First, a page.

hyperkalemia / Delayed / Incidence not known
    cardiac arrest / Early / Incidence not known
    renal failure (unspecified) / Delayed / Incidence not known

    Moderate

    hypertension / Early / Incidence not known
    hyperphosphatemia / Delayed / Incidence not known
    tetany / Early / Incidence not known
    confusion / Early / Incidence not known
    dyspnea / Early / Incidence not known
    hypocalcemia / Delayed / Incidence not known
    hypotension / Rapid / Incidence not known
    hypokalemia / Delayed / Incidence not known
    fluid retention / Delayed / Incidence not known
    metabolic acidosis / Delayed / Incidence not known
    peripheral edema / Delayed / Incidence not known
    hypernatremia / Delayed / Incidence not known
    phlebitis / Rapid / Incidence not known

    Mild

    muscle cramps / Delayed / Incidence not known
    tremor / Early / Incidence not known
    paresthesias / Delayed / Incidence not known
    weakness / Early / Incidence not known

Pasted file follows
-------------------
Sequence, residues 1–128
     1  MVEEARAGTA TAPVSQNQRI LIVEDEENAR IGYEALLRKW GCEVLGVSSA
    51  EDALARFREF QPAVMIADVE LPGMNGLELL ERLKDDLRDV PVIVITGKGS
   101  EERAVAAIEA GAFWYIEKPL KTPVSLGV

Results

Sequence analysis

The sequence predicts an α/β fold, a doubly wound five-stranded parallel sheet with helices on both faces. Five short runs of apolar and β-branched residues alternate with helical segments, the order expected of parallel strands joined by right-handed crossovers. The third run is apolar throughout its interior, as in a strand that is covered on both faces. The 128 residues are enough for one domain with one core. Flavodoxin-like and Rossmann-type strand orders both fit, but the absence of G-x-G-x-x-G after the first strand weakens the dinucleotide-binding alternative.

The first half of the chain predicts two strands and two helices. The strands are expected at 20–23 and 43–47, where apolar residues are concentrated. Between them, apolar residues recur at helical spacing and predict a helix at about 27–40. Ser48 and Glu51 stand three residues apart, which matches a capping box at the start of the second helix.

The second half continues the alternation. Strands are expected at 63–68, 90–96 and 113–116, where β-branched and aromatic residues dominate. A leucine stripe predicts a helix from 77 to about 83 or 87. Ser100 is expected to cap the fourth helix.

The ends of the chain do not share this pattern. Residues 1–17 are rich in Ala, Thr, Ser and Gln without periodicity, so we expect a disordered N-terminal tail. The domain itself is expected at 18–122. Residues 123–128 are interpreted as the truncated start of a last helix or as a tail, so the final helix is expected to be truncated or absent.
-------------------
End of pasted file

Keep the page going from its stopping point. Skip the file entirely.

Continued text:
vomiting / Early / Incidence not known
    flatulence / Early / Incidence not known
    nausea / Early / Incidence not known
    abdominal pain / Early / Incidence not known
    diarrhea / Early / Incidence not known
    injection site reaction / Rapid / Incidence not known

    DRUG INTERACTIONS

    Acetaminophen; Aspirin, ASA; Caffeine: (Moderate) Acidification of the urine may increase serum concentrations of salicylates by increasing tubular reabsorption of salicylates, however, this interaction is not likely to be clinically significant since the urine is normally acidic. (Moderate) Agents that acidify the urine, like phosphate salts, should be avoided in patients receiving high-dose salicylates. Urine acidifying agents may increase renal tubular reabsorption of salicylic acid and possibly increase salicylic acid levels.
    Acetaminophen; Caffeine; Magnesium Salicylate; Phenyltoloxamine: (Moderate) Acidification of the urine may increase serum concentrations of salicylates by increasing tubular reabsorption of salicylates, however, this interaction is not likely to be clinically significant since the urine is normally acidic.